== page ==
Jilma Meneses JD ’92
June 14, 2004
Advancing Cultural Competency at OHSU
When Lewis & Clark Law School came calling, Jilma Meneses was knee-deep in civil rights work—she was coordinating nine Head Start programs for Hispanic migrant farmworkers in central California.
She visited the law school’s campus and was captivated with its curriculum, faculty, and serene surroundings. Realizing that she could break down more barriers with a law degree in hand, she soon began her studies.
Meneses now directs the Affirmative Action and Equal Opportunity Department at Oregon Health & Sciences University. Ambitiously, she is taking the organization beyond its policy of zero tolerance for discrimination to a broader understanding of diversity called cultural competency.
“Diversity is much more than ethnicity, age, or gender,” she says. “I’m Latin American, and my family is from Nicaragua. But the color of my skin does not reflect my diversity.”
More compelling, she says, are people’s life experiences—their education, work, travel, and cultural interactions—along with the lessons they learn, and the ways in which they choose to grow.
With strong support from OHSU’s key administrators, she built the department from the ground up. With a four-person staff and consultants, the department conducts civil rights investigations and engages in other functions, including training and outreach.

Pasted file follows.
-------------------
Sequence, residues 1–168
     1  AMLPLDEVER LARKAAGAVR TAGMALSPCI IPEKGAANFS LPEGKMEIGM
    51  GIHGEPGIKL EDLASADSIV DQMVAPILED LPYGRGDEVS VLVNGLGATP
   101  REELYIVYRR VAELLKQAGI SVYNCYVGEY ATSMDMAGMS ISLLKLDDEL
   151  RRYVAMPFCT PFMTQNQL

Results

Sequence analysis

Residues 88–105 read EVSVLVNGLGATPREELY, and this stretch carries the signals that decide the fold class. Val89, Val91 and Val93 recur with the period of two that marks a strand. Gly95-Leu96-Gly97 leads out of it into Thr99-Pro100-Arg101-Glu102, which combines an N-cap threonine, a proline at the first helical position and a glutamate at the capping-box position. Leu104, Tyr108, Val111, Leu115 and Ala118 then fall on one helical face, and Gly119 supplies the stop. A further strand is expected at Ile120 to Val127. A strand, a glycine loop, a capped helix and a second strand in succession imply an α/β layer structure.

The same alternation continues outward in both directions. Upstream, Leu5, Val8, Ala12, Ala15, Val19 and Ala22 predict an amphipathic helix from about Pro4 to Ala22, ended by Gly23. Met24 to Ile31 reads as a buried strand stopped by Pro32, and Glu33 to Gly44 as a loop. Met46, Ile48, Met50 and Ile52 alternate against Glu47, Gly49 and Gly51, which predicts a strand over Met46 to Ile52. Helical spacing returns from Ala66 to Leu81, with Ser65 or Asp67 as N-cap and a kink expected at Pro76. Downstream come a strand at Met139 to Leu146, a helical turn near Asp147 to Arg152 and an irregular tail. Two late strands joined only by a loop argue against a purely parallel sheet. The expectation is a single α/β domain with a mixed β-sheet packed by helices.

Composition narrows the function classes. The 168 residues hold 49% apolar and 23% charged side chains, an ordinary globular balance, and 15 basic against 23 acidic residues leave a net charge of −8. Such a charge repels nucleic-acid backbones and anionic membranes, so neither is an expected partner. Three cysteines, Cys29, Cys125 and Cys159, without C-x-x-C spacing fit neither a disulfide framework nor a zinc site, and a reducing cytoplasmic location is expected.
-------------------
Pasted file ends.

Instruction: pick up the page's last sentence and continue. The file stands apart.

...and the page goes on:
“My biggest challenge is trying to change the inappropriate behavior of people who are set in their ways,” she says. “At times, education, training, and coaching succeed. Extreme cases require termination. It can be emotionally draining for everyone involved.”
Meneses finds balance in guiding health care professionals toward a deeper understanding of other cultures, their patients, and, ultimately, themselves.
“The respect and autonomy OHSU has given me to expand my program and take it to a new level is extremely rewarding,” she says.
Last year, Meneses led a six-person team to the Democratic Republic of Congo, where students and top researchers evaluated health and education partnership opportunities.
“Many medical students have never been out of the United States, and they’re starved for international experience,” she says. “Being immersed in other cultures during their training makes them better health professionals.”
Meneses’ commitment to cultural competency extends beyond her professional life. Last November, she adopted an 8-year-old daughter from a Congolese orphanage named Jamaa Letu, which means “our family” in Swahili. Her 9-year-old birth daughter went along to learn about her new sister’s previous way of life and culture.
“The experience was absolutely necessary for the growth of both daughters,” she says, “and it profoundly changed all of our lives.”
—by Pattie Pace